- Dishonestly increasing the likelihood of winning
- Judgment and Decision Making
- Volume | Issue number
- 7 | 3
- Pages (from-to)
- Document type
- Faculty of Social and Behavioural Sciences (FMG)
- Psychology Research Institute (PsyRes)
People not only seek to avoid losses or secure gains; they also attempt to create opportunities for obtaining positive outcomes. When distributing money between gambles with equal probabilities, people often invest in turning negative gambles into positive ones, even at a cost of reduced expected value. Results of an experiment revealed that (1) the preference to turn a negative outcome into a positive outcome exists when people’s ability to do so depends on their performance levels (rather than merely on their choice), (2) this preference is amplified when the likelihood to turn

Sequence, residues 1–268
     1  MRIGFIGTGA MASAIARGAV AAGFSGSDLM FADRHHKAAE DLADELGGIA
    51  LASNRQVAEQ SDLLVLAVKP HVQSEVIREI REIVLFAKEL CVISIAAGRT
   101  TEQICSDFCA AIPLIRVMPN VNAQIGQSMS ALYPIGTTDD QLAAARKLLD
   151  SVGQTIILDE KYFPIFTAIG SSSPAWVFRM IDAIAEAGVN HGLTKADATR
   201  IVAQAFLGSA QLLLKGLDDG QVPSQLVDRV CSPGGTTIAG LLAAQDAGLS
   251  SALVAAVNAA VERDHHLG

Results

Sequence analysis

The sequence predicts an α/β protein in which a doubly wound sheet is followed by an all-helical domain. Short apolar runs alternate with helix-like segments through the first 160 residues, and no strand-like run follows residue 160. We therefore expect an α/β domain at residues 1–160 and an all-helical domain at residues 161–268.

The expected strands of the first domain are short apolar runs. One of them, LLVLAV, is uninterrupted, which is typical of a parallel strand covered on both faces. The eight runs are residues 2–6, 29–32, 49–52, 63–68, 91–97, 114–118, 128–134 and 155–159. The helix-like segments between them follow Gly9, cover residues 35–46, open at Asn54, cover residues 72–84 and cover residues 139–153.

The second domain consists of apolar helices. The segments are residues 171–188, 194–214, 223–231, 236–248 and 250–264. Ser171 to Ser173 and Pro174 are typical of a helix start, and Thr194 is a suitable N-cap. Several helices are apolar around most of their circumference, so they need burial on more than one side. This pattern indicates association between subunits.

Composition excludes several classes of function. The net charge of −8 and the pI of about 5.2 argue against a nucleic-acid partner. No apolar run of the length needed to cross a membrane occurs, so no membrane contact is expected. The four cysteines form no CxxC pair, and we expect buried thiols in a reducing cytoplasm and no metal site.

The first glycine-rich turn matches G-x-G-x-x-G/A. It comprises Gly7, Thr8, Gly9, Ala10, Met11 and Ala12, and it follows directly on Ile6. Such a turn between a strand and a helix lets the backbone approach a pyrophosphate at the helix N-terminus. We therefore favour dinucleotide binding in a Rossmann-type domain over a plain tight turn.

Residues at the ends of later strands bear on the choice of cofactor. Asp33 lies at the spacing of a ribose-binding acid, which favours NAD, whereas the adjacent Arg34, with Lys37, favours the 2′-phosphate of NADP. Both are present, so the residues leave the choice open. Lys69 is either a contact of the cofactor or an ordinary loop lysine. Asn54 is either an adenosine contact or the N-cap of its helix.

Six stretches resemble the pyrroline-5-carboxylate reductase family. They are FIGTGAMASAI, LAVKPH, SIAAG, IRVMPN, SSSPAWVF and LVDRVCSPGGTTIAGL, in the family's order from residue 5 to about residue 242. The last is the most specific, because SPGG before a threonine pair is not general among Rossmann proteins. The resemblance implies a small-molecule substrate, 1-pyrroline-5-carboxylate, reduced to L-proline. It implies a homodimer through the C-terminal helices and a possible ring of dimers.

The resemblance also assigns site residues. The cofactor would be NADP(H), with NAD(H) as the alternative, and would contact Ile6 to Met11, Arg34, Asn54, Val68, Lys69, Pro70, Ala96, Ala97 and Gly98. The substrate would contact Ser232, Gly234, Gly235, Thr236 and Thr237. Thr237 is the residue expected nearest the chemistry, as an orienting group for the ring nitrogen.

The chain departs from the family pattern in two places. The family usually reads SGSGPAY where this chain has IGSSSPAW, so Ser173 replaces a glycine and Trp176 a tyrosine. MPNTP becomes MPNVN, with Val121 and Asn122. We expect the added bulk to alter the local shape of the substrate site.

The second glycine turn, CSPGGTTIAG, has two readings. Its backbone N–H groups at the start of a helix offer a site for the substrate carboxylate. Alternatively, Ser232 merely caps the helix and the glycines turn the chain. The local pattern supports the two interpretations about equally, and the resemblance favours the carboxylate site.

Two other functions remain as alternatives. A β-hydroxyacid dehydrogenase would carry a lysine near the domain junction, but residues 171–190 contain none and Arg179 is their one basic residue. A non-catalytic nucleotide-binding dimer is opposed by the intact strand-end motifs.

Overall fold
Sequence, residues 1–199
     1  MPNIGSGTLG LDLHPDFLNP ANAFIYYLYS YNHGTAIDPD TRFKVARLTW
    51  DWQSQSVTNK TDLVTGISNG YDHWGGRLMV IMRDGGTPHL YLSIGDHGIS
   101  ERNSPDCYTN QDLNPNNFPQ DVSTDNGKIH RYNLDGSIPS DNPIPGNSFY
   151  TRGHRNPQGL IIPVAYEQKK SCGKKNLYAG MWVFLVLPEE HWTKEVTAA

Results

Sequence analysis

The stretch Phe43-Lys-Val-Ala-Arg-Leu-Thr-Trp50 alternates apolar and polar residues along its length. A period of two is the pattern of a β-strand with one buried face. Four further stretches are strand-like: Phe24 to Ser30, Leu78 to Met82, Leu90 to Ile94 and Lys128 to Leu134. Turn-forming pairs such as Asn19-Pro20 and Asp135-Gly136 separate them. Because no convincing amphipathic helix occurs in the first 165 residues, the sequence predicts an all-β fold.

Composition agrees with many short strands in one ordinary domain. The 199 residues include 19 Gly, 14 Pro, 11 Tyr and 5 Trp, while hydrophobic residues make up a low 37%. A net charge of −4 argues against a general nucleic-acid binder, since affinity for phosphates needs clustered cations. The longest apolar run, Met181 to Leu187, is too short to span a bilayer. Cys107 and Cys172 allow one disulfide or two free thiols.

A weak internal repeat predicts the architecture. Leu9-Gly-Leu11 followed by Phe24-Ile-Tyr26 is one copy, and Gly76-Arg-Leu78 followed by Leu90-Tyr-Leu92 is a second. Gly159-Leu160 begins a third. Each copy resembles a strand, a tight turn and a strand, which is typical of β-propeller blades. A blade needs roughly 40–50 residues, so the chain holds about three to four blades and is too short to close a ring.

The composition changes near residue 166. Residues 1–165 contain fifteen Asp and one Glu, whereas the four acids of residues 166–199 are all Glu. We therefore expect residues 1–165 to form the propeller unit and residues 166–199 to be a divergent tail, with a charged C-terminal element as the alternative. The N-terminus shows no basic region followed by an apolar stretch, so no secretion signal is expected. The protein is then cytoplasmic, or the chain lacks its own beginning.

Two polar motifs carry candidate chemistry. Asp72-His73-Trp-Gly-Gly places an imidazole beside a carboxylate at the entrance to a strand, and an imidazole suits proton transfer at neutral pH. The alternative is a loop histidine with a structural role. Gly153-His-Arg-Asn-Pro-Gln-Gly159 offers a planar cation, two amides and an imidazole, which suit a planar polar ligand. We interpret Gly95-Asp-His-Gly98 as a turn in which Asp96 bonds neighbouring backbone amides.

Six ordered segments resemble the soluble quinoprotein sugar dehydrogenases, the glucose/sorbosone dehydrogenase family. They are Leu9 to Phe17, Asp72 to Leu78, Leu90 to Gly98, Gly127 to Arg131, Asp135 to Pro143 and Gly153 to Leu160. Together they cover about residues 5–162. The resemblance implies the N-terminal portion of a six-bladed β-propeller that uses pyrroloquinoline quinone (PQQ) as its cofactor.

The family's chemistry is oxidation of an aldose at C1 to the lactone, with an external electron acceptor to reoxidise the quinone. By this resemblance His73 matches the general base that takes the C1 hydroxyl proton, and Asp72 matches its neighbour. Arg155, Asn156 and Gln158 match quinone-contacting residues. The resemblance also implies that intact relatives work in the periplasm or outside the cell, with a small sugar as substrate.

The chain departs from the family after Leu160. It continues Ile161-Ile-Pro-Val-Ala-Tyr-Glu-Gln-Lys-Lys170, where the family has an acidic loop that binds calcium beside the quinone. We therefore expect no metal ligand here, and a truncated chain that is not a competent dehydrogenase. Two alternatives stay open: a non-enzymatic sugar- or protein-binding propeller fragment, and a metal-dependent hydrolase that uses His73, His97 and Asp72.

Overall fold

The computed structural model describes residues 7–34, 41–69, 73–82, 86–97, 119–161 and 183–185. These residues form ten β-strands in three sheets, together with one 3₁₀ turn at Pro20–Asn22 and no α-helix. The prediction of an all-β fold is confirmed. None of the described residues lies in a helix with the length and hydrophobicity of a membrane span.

negative into positive is high rather than low, and (3) this preference is attenuated when people can lie about their performance levels, allowing them to turn negative into positive not by performing better but rather by lying about how well they performed.
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